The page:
2. Your browser chooses a random private number a, calculates (ga) and sends it back to the website (encrypted with the site’s public key).
3. Your browser calculates (gb)a and the website calculates (ga)b.
4. Because (gb)a = (ga)b, this number is used as the password to encrypt and decrypt any further communication using symmetric key cryptography.
Even if the private key of the website was leaked at any point in the future, it would reveal no information about the symmetric passwords. An attacker who logged all encrypted communication would still need to figure out the private exponents a for each connection/session. Note that b is fixed and does not change. This means that an attacker needs to calculate this number only once. After this it is only a matter of calculating a to decrypt an entire session. This is still not an easy task and would require an enormous amount of computing power.
Ephemeral Diffie-Hellman RSA (DHE_RSA) key exchange
This method is exactly the same as DH_RSA with the only difference being that the server-side parameters g and (gb) are not preset and not identical for every session. Instead, the website dynamically chooses a different parameter g and b for every single connection. The result is an increased overall security by a factor of two, since an attacker who possesses the private key, will be required to not only figure out a, but also b for each connection/session. The method is said to provide perfect forward secrecy.
Diffie-Hellman DSA (DH_DSA) and Ephemeral Diffie-Hellman (DHE_DSA) key exchange
These methods are identical with DH_RSA and DHE_RSA, except that they use an alternative implementation of public key cryptography, known as DSA (Digital Signature Algorithm) in place of RSA. DSA has no clear advantages over RSA and in its core it relies on the discrete logarithm problem instead of the prime factorisation problem as does RSA.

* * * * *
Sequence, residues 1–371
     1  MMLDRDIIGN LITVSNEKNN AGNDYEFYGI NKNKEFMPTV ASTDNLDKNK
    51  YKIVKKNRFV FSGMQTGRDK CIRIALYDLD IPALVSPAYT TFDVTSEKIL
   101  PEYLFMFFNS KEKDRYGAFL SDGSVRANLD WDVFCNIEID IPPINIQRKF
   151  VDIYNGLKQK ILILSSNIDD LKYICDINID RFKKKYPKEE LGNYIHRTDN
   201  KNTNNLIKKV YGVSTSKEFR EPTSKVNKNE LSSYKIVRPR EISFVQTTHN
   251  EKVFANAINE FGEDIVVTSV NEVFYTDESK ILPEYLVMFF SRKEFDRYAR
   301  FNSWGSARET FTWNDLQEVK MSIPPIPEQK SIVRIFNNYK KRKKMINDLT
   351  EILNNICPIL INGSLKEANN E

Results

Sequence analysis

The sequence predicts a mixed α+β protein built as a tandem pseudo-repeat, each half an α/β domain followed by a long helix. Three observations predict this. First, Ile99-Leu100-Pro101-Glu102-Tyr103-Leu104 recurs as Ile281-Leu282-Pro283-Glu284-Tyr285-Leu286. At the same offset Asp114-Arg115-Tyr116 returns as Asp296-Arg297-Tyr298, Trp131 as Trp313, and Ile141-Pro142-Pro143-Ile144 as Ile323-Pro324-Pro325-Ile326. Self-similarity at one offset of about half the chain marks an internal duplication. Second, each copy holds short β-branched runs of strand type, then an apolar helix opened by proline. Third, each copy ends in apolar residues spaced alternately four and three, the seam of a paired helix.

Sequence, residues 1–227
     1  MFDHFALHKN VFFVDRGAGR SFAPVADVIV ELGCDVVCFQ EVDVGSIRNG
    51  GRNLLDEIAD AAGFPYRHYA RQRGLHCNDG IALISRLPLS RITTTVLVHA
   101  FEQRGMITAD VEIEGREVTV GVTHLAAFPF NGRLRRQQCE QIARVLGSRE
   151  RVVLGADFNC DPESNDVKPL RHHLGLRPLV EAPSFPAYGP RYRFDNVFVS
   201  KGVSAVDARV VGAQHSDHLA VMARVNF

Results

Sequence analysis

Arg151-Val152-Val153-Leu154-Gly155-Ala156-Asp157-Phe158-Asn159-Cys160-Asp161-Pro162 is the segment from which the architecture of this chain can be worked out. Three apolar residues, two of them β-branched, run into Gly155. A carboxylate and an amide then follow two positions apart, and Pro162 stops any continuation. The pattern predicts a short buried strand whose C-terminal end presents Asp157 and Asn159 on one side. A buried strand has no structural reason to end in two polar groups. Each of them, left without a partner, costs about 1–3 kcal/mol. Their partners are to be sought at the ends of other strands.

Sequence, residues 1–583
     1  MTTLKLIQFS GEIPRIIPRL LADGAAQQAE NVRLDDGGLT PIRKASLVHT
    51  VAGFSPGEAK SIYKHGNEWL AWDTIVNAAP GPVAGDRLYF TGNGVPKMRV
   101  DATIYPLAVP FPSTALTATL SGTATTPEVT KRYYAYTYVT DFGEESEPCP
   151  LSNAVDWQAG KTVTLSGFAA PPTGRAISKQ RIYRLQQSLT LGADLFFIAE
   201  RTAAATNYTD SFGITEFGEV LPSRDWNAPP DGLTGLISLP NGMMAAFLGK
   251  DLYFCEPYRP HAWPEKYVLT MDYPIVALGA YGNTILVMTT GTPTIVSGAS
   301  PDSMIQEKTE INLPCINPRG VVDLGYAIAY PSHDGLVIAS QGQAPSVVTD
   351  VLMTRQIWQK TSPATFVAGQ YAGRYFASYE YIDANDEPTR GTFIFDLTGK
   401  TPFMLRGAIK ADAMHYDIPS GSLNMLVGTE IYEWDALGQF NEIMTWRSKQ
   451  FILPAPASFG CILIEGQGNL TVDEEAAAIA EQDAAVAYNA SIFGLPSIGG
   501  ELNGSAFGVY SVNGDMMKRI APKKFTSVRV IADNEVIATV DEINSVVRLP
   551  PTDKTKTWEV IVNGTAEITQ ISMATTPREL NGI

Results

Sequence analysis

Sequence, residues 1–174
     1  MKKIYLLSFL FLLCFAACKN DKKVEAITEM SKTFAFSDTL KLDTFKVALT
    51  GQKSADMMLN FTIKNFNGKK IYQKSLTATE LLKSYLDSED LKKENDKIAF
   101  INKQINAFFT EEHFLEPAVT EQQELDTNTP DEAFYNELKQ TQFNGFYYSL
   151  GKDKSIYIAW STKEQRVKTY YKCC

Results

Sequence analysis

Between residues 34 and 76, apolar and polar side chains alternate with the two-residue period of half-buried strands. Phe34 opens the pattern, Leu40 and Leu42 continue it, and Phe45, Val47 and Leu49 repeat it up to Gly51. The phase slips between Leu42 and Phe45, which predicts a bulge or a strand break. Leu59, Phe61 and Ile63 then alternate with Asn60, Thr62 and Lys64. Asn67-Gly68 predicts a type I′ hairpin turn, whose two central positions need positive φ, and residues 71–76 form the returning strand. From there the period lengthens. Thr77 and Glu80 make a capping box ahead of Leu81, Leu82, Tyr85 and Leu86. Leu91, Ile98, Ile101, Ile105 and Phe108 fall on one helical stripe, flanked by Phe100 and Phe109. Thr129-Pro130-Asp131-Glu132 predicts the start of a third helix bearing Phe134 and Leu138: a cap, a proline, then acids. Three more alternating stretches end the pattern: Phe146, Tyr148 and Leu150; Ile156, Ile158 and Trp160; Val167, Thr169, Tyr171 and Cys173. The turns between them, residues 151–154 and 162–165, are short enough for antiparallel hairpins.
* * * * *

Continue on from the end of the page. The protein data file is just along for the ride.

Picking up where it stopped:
Elliptic Curve Variations
As we just read, the Diffie-Hellman key exchange and DSA rely on the discrete logarithm problem. This can be translated into the realm of elliptic curves, which I will discuss in more detail in a future post. The elliptic curve discrete logarithm problem has the performance advantage that it requires smaller numbers while providing a much stronger security than the traditional discrete log. For example, with traditional discrete log you would require 100-digit long numbers to be relatively secure, while elliptic curve discrete log would only require 30-digit long numbers for the same level of security (the numbers are rough estimates). Thus the following four variations exist:
Elliptic Curve Diffie-Hellman RSA (ECDH_RSA)
– uses RSA for authentication and Elliptic Curve DH for key exchange
Elliptic Curve Ephemeral Diffie-Hellman RSA (ECDHE_RSA)
– uses RSA for authentication and Ephemeral Elliptic Curve DH for key exchange
Elliptic Curve Diffie-Hellman DSA (ECDH_ECDSA)
– uses Elliptic Curve DSA for authentication and Elliptic Curve DH for key exchange
Elliptic Curve Ephemeral Diffie-Hellman DSA (ECDHE_ECDSA)
– uses Elliptic Curve DSA for authentication and Ephemeral Elliptic Curve DH for key exchange
Elliptic curves are slowly taking over due to the performance and security advantages they offer. Currently Google uses ECDHE_RSA and Facebook uses ECDHE_ECDSA.